Each year, the reenactment of St. Francis' efforts to create a living nativity is performed in front of 2,000 cold but enthralled spectators.  It is difficult to explain how magical our night was.  Huddled together 'witnessing' St. Francis realizing his dream and sharing his convictions, in the actual location of an event that happened 787 years ago... very spectacular and somewhat surreal.

"Remember that when you leave this earth,
you can take with you nothing that have received--
only what you have given."
-St. Francis

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Our International & Fabulous 'Italian' Christmas

We celebrated our family-less holiday in the company of the most warm, family-like people of six differing countries.  Our hosts, Laurie and Norma gathered an interesting array of guests and served an equally interesting menu.

In traditional Umbrian style, we began with the most delicious lentil soup (the only leftovers we went home with because there wasn't much left). Our entrée was two different meats:  roasted turkey and porchetta (pork that is famous regionally). 

Our contribution was a course of tacos.  Norma had never had tacos so to watch this elegant woman eat hers with a knife and fork was almost a gift in itself.

Numerous types of roasted vegetables, my favorites- fresh brussel sprouts, fruit salad, Christmas chutney, tiramisu and another cake, whose name I don't remember but whose taste will not be forgotten, composed our feast.

Gathered for this Spoleto event were:  The five Harveys from Australia; Robert, Rachel & Gail from England; Sara from Ireland; Newlyweds and Newly Phds Nick & Meghan from America; our only Italian, Alessandro; our British hosts and us.  We then all joyously concluded our meal with a sparkler celebration compliments of Gail.  Nothing says a party like sparklers.

Our holiday ended with a loving Skype conversation with the entire family at Steve's folks.

Christmas ... is not an eternal event at all,
but a piece of one's home
that one carries in one's heart...
- Freya Stark 

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Merry Christmas from Italy!

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Nativity Scenes by children... too cute!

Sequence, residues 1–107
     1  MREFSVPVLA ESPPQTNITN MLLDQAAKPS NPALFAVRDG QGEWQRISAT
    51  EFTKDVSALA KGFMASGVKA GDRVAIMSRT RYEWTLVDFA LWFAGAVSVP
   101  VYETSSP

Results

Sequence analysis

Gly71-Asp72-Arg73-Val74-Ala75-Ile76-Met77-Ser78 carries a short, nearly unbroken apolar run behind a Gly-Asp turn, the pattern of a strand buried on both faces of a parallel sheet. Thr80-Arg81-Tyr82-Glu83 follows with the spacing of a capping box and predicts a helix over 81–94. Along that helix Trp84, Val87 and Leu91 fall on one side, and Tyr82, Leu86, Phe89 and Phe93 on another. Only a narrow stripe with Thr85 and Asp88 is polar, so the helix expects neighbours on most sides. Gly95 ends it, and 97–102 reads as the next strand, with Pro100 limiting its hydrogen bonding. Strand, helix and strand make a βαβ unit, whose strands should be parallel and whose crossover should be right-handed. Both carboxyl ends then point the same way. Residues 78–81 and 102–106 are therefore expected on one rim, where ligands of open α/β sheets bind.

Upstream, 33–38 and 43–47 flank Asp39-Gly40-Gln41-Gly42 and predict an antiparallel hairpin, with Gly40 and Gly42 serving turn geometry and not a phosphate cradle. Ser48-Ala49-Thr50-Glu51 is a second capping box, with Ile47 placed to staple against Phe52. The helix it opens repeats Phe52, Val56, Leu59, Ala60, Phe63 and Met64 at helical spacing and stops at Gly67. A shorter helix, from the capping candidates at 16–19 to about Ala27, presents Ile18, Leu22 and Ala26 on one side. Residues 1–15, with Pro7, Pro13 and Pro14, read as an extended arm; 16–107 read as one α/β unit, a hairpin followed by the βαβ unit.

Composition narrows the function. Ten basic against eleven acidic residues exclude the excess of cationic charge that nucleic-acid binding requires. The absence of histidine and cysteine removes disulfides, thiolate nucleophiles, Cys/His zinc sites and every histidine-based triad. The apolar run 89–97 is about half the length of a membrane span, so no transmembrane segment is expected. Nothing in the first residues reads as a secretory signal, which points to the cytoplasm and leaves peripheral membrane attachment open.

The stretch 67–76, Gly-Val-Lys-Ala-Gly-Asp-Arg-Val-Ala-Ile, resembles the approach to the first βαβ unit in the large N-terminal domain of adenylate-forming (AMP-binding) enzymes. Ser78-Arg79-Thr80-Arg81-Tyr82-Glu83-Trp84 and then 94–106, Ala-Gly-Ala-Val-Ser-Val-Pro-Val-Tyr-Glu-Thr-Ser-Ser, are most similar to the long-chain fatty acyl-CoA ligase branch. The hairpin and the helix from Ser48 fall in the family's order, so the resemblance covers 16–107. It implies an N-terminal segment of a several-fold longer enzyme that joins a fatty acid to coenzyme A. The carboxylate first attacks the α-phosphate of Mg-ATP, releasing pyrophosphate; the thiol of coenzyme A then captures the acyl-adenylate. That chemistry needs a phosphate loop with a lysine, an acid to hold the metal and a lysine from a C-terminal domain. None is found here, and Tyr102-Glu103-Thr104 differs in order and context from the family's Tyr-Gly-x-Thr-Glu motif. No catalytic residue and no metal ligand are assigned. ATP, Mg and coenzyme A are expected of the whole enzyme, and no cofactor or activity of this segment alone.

My favorite travel quote is by James Michener, "If you reject the food, ignore the customs, fear the religion and avoid the people, you might better stay home". 

Part of what I really wanted to do, while in Italy, is learn about its customs and Christmas time is a great opportunity!

Traditionally, the main focus of Christmas decorations in Italy is the Nativity scene, presepe or presepio in Italian. Every church has a presepe and they can be found in squares, shops, and other public areas. Displays often go beyond the manger scene and may even include a representation of the entire village.

The Nativity scene is said to have originated with St. Francis of Assisi in 1223 when he constructed a nativity scene in a cave in the town of Greccio and held Christmas Eve mass and a nativity pageant there. Greccio reenacts this event each year (we will be going there the day after Christmas).

The school children of Spoleto created some really darling presepe and put them on display.  The three we enjoyed the most are the one made of "sand bottles", the 'Outer Space' Nativity and our ultimate favorite, The Pasta Presepio.

Being as I'm a huge fan of the pasta, it was wonderful to see the use of this delectable treat.  There are roughly 350 different shapes and varieties of dried pasta in Italy, even more counting regional differences. Shapes range from simple tubes to bow ties (farfalle, which actually means "butterfly"), to unique shapes like tennis rackets (racchette).  The children cleverly used dozens of different shapes and we were so impressed by the creativity.